This article will explore 3 African kingdoms – Hausa, Kano and Katsina. that existed before the colonial invasion.
- Hausa: Daura –1806
Daura is the eponymous and oldest of the pre-colonial Hausa kingdom, named after Queen Daura. According to history, Daura means ‘blacksmith’ in the Tuareg language. Legend has it that Daura married a Baghdad prince named Bayajida. In the tale, Baghdad displayed uncommon bravery by killing Sarki, a fetish snake known to have been causing misfortune for the people.
The children Daura bore to this brave man founded the seven pre-colonial Hausa kingdoms, otherwise known as Hausa Bakwai (The Seven Hausa State). In modern Nigeria, Daura is located in Katsina state. Interestingly, it has produced a president and head of state, General & President Muhammadu Buhari. Major local trade in Daura includes but is not limited to sorghum, millet, onions, peanuts, cotton, hides and skins.
- Kano: 998–1807
Kano was the largest pre-colonial Hausa kingdom in Africa before the creation of the state itself. Historical data shows that Kano started from an ancient settlement around Dala Hill. Legend has it that Bayajida’s grandson, Bagauda, founded the kingdom. He reigned as the king of the empire between 999AD and 1063AD. He was succeeded by Muhammad Rumfa. The kingdom was independent not until it was taken over in 1805 during the Fulani jihad war, led by Usman Dan Fodio, a Fulani Islamic Leader. This conquest turned Kano instead to a province of a newly formed Sokoto Caliphate.
In modern Nigeria, Kano has won the seat of the second largest industrial centre in Nigeria and, in fact, the largest in Northern Nigeria. Industries producing textiles, footwear, cosmetics, ceramics, furniture, enamelware, tanning, pharmaceuticals, animal feeds, dairy, food and beverages are found in modern Kano. If you find yourself in modern Kano, take the chance to visit Dala Hills, the Emirs Palace, the Kano city wall, Kano Museum, Kurmi Market, and Kofar Matar Dying Pits. Also, you should have a lifetime experience of the Kano Durbar festival. A festival renowned as the largest procession of colourful horses, portraying the Emir’s Regalia.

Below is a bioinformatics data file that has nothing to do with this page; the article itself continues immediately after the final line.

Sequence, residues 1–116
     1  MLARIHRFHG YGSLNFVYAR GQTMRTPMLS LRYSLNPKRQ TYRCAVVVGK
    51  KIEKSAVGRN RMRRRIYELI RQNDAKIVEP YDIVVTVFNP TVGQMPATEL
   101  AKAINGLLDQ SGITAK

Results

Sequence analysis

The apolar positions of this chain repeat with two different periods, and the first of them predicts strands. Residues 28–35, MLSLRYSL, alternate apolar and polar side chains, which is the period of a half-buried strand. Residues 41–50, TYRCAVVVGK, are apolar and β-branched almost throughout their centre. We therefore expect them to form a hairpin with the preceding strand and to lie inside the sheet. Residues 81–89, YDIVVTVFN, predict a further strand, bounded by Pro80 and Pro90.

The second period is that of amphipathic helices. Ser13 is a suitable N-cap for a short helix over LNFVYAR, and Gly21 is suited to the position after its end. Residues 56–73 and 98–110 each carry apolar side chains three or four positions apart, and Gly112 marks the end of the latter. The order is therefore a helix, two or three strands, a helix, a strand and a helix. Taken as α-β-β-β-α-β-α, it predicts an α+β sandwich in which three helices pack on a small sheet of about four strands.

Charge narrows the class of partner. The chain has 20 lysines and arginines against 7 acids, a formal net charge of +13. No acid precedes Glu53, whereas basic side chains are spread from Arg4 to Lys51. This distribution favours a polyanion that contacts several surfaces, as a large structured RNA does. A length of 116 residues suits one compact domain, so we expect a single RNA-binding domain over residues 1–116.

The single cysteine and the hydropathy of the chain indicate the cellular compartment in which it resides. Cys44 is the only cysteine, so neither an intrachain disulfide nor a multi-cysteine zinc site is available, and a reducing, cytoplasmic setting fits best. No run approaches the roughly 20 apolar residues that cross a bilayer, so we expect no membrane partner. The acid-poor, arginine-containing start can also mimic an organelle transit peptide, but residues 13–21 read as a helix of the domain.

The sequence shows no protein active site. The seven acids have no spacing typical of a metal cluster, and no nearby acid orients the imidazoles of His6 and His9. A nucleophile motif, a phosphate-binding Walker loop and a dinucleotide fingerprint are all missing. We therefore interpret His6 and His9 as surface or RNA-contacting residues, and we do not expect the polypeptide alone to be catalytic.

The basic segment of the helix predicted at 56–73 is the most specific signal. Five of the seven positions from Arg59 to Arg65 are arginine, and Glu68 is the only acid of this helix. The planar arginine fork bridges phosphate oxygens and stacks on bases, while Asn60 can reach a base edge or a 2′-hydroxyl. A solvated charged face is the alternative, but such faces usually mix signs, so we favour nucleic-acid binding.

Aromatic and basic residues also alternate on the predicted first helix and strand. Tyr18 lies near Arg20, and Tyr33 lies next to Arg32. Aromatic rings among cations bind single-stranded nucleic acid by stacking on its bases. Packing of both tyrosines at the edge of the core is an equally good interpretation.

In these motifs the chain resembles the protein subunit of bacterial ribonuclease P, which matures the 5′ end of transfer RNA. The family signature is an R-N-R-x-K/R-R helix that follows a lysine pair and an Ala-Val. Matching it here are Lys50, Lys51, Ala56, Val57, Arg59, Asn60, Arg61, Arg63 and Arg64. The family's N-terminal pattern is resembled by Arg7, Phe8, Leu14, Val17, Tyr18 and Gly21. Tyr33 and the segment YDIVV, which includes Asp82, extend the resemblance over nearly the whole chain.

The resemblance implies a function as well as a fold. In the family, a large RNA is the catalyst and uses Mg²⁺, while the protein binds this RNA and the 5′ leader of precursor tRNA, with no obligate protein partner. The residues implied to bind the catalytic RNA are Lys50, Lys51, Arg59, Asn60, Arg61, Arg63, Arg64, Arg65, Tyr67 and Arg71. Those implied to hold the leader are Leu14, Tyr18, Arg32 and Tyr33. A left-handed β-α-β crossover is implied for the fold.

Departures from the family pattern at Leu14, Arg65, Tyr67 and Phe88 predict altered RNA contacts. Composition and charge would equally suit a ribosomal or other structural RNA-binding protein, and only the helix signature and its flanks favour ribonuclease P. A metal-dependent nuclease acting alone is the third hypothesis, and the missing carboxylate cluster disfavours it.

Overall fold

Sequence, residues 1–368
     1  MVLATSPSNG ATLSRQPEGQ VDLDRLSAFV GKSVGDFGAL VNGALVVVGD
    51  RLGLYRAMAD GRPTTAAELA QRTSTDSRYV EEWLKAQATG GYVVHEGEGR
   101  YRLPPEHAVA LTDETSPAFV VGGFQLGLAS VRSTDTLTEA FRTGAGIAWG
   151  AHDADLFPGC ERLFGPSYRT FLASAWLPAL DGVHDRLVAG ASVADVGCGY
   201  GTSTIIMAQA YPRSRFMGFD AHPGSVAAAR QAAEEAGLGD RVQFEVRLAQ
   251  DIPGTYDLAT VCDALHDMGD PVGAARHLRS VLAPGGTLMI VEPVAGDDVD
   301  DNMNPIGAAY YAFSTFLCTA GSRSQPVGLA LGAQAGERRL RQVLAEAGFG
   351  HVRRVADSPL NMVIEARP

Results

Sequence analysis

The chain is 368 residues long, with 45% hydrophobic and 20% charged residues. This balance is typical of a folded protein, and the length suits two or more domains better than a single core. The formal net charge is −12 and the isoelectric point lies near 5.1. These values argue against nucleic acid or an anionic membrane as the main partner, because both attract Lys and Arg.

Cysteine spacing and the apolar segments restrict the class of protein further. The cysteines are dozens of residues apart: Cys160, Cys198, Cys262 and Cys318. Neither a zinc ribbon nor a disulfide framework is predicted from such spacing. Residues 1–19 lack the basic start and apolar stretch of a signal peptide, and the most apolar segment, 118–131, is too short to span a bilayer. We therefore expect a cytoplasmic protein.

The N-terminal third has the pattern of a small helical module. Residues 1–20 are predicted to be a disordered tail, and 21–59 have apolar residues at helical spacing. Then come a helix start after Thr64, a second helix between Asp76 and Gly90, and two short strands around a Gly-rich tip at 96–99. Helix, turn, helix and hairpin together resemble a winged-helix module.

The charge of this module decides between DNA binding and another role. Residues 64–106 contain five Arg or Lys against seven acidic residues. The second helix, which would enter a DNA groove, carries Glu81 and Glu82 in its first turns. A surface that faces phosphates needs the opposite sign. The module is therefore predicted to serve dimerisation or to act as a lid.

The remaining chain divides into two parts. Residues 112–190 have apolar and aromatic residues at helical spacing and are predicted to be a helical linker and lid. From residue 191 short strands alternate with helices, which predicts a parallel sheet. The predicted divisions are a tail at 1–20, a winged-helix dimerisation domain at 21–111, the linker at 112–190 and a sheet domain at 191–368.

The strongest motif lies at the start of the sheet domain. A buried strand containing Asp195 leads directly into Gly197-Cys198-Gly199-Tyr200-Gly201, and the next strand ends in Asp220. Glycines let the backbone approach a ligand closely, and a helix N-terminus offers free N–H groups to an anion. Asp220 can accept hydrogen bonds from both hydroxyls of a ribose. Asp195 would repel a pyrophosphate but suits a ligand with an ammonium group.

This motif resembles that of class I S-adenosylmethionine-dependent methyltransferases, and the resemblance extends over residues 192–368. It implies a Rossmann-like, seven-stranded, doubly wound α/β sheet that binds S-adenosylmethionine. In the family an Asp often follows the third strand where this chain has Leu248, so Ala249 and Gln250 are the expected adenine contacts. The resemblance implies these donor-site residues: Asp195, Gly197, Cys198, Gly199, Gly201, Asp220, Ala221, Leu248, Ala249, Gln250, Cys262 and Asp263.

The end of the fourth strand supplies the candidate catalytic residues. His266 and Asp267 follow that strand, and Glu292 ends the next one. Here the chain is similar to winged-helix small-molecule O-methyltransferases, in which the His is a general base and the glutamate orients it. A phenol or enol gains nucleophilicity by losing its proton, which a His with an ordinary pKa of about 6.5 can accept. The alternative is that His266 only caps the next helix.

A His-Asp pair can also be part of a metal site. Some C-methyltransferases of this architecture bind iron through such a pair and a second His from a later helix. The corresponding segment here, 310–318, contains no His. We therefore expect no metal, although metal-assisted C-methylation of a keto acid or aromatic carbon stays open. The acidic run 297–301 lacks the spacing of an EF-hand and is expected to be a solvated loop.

- Katsina: c. 1400–1805
Ancient Katsina kingdom was one of the habitats of the negroid stock of the Berber-Amharic-Afro-asiatic group called Hausawa, shortened to Hausa. Historical accounts hailed the kingdom of Katsina for its reach and influence that transcends to Birnin Gwari, Karaushi, Kirrisen, Madauci, Kuyambana and the marshlands of Sangiyakun in present-day Kaduna, Kebbi and Niger States. It extended to ‘Yandoto, Tsafe, Kwatarkwashi, Wasagu, Gusau, Tumfafi and Mada in present Zamfara State.
According to available historical accounts, the Katsina kingdom was founded by Muhammadu Korau. Korau, who would later become the first Islamic king to reign in the kingdom. However, one legend claims that Katsina was founded by Durbawa, a man archaeologists believed to have lived at Durbi-Ta-Kushiyi. Earthen mounds found by archaeologists are believed to be graves of ancient graves of past kings of the Katsina kingdom.
Meanwhile, they were acclaimed to be idol worshippers whose belief system was founded on the Sun god. The chief priest is known as Durbi. The Durbawa dynasty was later dethroned by a man known as Kumayo, grandson of Bayajidda. The pre-colonial Katsina kingdom experienced many evolutions that produced notable trade routes and mainly paved the way for the famous trans-Saharan trade. Modern Katsina is located in Northern Nigeria, sharing borders with Zamfara, Sokoto, Jigawa, Kano and the international border with Niger Republic.
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